Rudd’s Indonesia visit to look again at asylum issue


Kevin Rudd will take the opportunity of a visit to Indonesia next week to look afresh at how to deal with the rising number of asylum seekers.

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The visit was planned under Julia Gillard’s prime ministership but Indonesia welcomed the idea of Mr Rudd stepping in instead.

”From the Indonesian side, he’s most welcome,” said the ambassador to Australia, Riphat Kesoema, shortly before the leadership ballot. But he emphasised that stemming the flow of asylum-seeker boats should ”not only put fences between Indonesia and Australia but also put fences across the region”.

In other words, a regional solution was needed, not just a bilateral one. ”By maximising the Bali process, perhaps we can find a good solution. The Bali process is very important to us.”

Mr Riphat promised to act against an Indonesia-based people smuggler, Freddy Ambon – whose activities were revealed by Fairfax. Ambon and his conspirators were responsible for the boat that capsized off Christmas Island last year, drowning 96 people.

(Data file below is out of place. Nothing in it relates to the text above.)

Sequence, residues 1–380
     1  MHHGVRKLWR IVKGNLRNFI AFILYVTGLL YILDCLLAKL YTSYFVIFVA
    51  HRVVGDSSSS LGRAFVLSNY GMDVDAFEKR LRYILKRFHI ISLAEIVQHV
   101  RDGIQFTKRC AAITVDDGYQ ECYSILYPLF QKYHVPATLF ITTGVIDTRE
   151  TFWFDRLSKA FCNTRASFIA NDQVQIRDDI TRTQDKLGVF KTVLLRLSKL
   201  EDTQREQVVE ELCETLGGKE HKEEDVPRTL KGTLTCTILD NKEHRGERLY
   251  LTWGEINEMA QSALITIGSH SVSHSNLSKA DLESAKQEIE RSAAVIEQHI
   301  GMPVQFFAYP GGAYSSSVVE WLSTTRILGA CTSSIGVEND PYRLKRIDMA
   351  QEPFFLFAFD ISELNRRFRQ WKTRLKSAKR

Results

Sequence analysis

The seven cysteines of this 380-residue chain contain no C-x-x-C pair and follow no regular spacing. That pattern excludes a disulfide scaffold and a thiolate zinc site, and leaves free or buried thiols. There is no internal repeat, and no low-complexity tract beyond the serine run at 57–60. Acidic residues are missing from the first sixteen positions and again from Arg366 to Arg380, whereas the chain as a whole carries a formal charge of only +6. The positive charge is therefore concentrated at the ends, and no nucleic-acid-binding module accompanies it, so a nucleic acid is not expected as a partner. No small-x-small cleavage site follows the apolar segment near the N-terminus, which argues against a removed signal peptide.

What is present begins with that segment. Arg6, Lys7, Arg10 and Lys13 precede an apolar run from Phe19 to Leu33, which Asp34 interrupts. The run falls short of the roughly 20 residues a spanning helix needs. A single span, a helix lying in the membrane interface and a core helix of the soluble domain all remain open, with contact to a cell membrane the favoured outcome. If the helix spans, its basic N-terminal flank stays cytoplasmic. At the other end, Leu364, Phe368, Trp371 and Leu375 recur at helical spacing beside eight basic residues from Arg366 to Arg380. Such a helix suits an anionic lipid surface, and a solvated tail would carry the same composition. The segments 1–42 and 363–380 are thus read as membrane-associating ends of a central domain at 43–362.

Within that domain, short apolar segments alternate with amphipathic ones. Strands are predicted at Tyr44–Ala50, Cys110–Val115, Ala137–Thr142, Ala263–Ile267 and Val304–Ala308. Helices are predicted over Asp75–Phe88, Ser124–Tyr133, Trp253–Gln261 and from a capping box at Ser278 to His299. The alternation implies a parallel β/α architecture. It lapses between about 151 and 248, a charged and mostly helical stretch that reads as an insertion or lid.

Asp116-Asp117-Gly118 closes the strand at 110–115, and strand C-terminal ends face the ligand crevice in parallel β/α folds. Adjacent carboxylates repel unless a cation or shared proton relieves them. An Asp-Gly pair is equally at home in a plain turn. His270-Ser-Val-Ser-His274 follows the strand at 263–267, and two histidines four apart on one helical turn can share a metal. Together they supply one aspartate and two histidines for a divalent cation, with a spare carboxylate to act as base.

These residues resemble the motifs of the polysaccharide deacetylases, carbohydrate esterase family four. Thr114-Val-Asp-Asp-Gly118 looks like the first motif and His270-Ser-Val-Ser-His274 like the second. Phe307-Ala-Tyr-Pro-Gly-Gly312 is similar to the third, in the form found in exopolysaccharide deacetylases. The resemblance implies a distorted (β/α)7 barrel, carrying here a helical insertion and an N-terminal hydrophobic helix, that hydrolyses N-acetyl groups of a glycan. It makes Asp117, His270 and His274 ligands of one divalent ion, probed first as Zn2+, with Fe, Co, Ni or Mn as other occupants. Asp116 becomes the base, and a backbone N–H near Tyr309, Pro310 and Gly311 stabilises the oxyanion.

”These people give a very bad impression of the rule of law in Indonesia,” Mr Riphat said. ”We try very hard. I will ask Jakarta to do something about these people using every level of government and law enforcement.”

Mr Rudd is expected to meet President Susilo Bambang Yudhoyono and discuss a range of issues.

Opposition immigration spokesman Scott Morrison left for Jakarta on Thursday night to study Indonesia’s operations for managing asylum seekers. He said he was not meeting Indonesian politicians and it was not a political visit.

”I’m meeting the whole range of police, rescue and coast guard agencies. It’s very much about continuing to be across the details of operations.”

Mr Riphat was reported last month as apparently criticising Coalition policy to send boats back to Indonesia.

Mr Rudd quoted him in Parliament on Thursday to claim that the Coalition policy was not workable and urged Opposition Leader Tony Abbott to produce ”policies that will work” rather than ”slogans which sound good”.

But Mr Morrison said his policy had been misunderstood.

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”Our turn-back policy does not involve any breach of Indonesia’s sea borders. Our policy is to focus on regional solutions, to stop people getting to Indonesia and Malaysia, to stop the planes to stop the boats.”

Mr Riphat said Indonesia’s government had not yet recovered from the crisis caused by Australia’s emergency ban on live cattle exports to Indonesia in 2011.

”In the Ministry of Trade and the Ministry of Agriculture, it’s still a bad memory. But there is no hard feeling in Indonesia.”

The ban, since relaxed, was announced by the Gillard government unilaterally and without any notice to Indonesia, cutting off a mainstay of the national meat supply






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